Friday, November 26, 2010

Wrights Station

You probably haven't heard of Ralph's Mountain.  I don't recall how I did.  It's a dumb name for a mountain.  Although it doesn't appear on most maps or in the USGS database, it sometimes shows up on MROSD maps, and there's a single report of someone hiking up the thing.  Inspired largely by the hiking report, I decided to check it out, as an alternative to Black Friday nonsense.

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Getting to the top of Ralph's Mountain would be an accomplishment by itself, but I had ulterior motives.  Satellite images of Ralph's Mountain show an intriguing little scratch of a trail heading up a ridge, and nearly meeting the Thayer/Umunhum ridge.  So I held out some slim hope that this could be a backdoor to that area.

You may notice that the title of this post is not, in fact, Ralph's Mountain.  That's kind of a giveaway, but more on that later.

To get to the trail, you have to get to Summit Road.  For me, that's a good two-hours of riding (with 1300 feet of climbing), but the reward is lunch on the patio of the Summit Store.  If you're riding around the Summit area, you should contrive lunch at the Summit Store.  Today was a little cold, so I had a freshly made sandwich and a big coffee.

The trail up Ralph's Mountain
From there it was off to the base of Ralph's Mountain, which turns out to be the site of a former town called Wrights Station.  Before heading down the valley, I could see my target -- the switchbacks heading up to the top.  Didn't look too scary from here.  It also didn't look like a distinct, name-worthy mountain, which the hiking report pointed out.

To get to the trail, you take Morrill Road down to Wrights Station Road, and follow that down to the creek, a 700 foot drop.  Avoiding that climb, even at an easier grade, was what made the tunnel worthwhile in the first place.  I would have preferred to avoid it too, and could have, since the traditional road (and train line) from Wrights Station just follows the gentle grade of the creek.  But that road is blocked by the water company, for reasons that completely escape me.  I can understand why they feel they have to own the land around Los Gatos Creek, I suppose.  I just can't see why they have to prevent access to it.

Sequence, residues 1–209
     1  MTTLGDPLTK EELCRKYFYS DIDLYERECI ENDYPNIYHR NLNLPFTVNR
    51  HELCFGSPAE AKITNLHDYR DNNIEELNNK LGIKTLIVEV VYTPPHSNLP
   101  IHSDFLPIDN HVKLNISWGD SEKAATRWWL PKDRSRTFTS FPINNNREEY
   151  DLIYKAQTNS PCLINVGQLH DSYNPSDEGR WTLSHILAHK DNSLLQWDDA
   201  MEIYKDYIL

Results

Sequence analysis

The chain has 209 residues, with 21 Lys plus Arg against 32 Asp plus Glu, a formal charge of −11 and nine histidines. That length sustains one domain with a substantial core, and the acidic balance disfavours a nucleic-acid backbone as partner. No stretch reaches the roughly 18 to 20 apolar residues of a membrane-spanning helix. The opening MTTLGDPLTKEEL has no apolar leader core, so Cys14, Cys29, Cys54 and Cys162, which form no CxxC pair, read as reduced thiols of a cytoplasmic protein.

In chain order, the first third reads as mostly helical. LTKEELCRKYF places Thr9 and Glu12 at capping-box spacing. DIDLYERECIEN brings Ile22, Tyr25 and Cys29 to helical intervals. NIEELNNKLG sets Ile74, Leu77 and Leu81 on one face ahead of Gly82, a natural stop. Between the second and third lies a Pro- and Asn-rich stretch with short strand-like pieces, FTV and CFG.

I suppose I'm poorly disposed toward the San Jose Water Company.  First of all, I pay them a bunch of money every month, and while I'm not philosophically opposed to that, it's a not a healthy basis for a relationship.  Also, when I first tried to ride from my house to Santa Cruz, I naively tried to follow Aldercroft Heights Road, which they've also blocked.  In fact, it's the road that would connect to Wrights Station.  I had to turn around, too tired to try the proper route up Old Santa Cruz highway.  And now they've forced me to climb to Summit Road unnecessarily.  If my personal inconvenience isn't enough pathos for you, the company's acquisition of this land has an ugly history.

On the way down to Wrights Station, I had two thoughts running through my mind.  First, that my brakes were nearly shot.  And second, that I'd hate to have to climb this road.

Wrights Station Road eventually comes to a bridge over Los Gatos Creek.  This is where the town was.  It used to look like this; it's now entirely overgrown.  The historical photo shows the bridge and the tunnel in the background.  We're looking south, from a little way up the side of Ralph's Mountain.  That particular angle wouldn't be possible today, since the hill is entirely overgrown.

A mosaic of the Wrights Station tunnel entrance
The tunnel opening still exists, but apparently the tunnel itself was, as they say, closed with explosives a hundred feet in.  I didn't check.

On the right side of this photo, where the buildings on the right side of the old photo stood, is a 20 foot deep gulch.  The big white building on the left side of the old photo is now a little clearing for parking.  It's on my left and across the road as I take this photo.

This is another old shot of Wrights Station, taken from the road, facing north toward the creek.  It shows bustle.

Wrights Station tunnel